Step 10:  Remove the pan from the heat.
     Immediately pour the soup into a large shallow soup bowl.
     Try to expose some of each of the ingredients on the surface of the soup.
     Serve with finely grated Italian Parmigiana Cheese and sliced Italian bread on the side.
     This is a great tasting Pasta Fagioli.  Escarole adds a very light buttery cabbage flavor.  Pasta Fagioli is a great afternoon soup that is really a full meal! 

Friday, December 18, 2015

French Saffron Dill Clam Chowder

     A Nice Light Clam Chowder!
     Chowder was originally created in France.  The first chowders were very simple and milk was not always part of the recipe.  Local folks simply gathered clams and mollusks along the shoreline in Northern France, then simmered the shellfish in a broth or water with mild herbs and salt pork.  Western world ingredients, like potatoes, were added to the recipe later in history.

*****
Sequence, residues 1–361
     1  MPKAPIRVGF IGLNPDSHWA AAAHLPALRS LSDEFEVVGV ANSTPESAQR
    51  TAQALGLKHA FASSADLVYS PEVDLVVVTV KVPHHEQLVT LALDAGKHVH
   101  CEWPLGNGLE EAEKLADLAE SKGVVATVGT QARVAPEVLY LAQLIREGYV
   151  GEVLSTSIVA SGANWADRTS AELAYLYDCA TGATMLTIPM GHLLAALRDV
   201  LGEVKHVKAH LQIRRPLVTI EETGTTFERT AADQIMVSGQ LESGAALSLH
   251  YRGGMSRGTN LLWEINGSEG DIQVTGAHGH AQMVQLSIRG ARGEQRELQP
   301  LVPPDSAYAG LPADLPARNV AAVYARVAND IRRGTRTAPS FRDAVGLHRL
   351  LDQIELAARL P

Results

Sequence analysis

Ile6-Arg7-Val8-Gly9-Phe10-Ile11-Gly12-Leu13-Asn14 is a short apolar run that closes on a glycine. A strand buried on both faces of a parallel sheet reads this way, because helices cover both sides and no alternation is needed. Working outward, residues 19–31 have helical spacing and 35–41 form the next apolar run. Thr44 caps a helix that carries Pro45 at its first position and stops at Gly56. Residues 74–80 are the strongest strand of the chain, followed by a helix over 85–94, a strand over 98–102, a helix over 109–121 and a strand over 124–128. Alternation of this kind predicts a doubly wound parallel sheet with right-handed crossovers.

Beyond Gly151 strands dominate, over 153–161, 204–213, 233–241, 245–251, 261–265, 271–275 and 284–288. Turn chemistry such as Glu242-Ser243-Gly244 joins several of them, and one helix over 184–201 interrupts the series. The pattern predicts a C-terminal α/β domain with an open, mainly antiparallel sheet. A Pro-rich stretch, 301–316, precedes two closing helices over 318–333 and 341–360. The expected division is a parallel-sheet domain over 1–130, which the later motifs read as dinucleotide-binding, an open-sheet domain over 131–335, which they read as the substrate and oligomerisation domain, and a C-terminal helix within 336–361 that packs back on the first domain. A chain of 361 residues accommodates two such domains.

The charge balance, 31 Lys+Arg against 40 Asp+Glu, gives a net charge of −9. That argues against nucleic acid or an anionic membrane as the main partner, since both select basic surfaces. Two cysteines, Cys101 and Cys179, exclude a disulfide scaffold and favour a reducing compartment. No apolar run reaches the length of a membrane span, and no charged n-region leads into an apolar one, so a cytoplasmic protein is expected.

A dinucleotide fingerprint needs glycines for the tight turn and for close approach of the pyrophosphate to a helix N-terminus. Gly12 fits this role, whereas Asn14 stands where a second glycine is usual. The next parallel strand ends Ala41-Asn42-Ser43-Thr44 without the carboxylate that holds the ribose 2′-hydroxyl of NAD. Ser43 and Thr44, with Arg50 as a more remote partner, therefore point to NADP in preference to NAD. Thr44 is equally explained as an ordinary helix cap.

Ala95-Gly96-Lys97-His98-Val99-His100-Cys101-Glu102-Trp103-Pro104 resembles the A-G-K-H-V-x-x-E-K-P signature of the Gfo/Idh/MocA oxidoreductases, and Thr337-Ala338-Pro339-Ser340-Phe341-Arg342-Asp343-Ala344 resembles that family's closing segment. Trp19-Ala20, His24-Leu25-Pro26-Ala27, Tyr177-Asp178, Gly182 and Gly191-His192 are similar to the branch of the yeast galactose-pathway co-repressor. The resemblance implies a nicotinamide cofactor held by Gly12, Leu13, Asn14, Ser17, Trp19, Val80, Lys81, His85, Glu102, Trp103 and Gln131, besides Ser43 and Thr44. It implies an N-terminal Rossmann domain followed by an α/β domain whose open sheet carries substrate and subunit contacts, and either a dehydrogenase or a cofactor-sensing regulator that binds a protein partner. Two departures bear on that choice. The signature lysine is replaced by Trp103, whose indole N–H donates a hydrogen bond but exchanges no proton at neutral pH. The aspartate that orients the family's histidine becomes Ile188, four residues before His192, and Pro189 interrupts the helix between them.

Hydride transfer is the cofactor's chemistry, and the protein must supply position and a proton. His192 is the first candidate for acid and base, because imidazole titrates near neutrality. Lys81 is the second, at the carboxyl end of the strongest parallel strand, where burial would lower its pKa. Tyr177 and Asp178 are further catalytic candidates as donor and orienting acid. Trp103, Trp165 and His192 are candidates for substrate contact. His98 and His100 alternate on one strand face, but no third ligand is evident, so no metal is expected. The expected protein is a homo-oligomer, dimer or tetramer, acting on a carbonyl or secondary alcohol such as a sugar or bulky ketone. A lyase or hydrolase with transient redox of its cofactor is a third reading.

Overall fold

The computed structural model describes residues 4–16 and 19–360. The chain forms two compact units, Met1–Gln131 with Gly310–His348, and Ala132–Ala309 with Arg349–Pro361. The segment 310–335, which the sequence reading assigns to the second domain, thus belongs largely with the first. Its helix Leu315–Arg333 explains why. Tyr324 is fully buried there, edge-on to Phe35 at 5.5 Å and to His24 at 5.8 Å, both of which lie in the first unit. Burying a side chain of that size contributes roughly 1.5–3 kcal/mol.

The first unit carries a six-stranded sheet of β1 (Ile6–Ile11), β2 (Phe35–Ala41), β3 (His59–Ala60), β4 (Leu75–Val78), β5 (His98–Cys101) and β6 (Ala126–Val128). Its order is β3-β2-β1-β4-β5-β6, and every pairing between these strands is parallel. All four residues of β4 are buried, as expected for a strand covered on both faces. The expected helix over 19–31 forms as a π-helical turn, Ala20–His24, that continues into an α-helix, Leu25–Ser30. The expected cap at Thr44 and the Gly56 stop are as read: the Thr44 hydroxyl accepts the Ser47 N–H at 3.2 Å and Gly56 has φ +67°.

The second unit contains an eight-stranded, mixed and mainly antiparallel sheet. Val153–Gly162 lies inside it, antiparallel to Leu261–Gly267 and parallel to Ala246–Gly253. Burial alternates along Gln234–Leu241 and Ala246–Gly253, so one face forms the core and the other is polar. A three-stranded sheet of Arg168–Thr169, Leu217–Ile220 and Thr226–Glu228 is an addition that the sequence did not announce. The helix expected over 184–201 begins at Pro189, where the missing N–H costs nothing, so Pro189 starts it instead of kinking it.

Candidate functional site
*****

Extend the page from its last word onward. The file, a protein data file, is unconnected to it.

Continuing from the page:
Even in modern times, many chowders are not made with milk.  By far, the most popular are Manhattan Chowder and Bahama Chowder.  Both of these chowders feature tomato and mild peppers.  Along the American Northeast Coastline, there are a few local chowder recipes that are only made with clams, onion, bacon and potato.  These clear broth chowders are also satisfying on a cold day.
     I used to sell plenty of today's rustic French style Saffron Dill Clam Chowder in Florida during the hot humid summer months.  A great French chef taught me how to make this chowder at a small café.  This chowder has a light thin body and it has a great flavor.  Clam juice is not used to make the broth.  The broth is made with light chicken stock.
     I usually make my clam soups and chowders with fresh clams or fresh frozen clams.  Where I currently am located in Chicago, the fresh seafood has not been looking too good for a few months.  It pays to be careful about choosing fresh seafood and canned clams are always an option for chowders.
     For today's recipe, I chose to use canned baby clams.  If there is not any good fresh clams available, then canned baby clams are a good choice.  Both canned baby clams and tiny Ipswich Clams are very tender, when compared to canned chopped large ocean clams.  Canned chopped large ocean clams do tend to be tough and rubbery.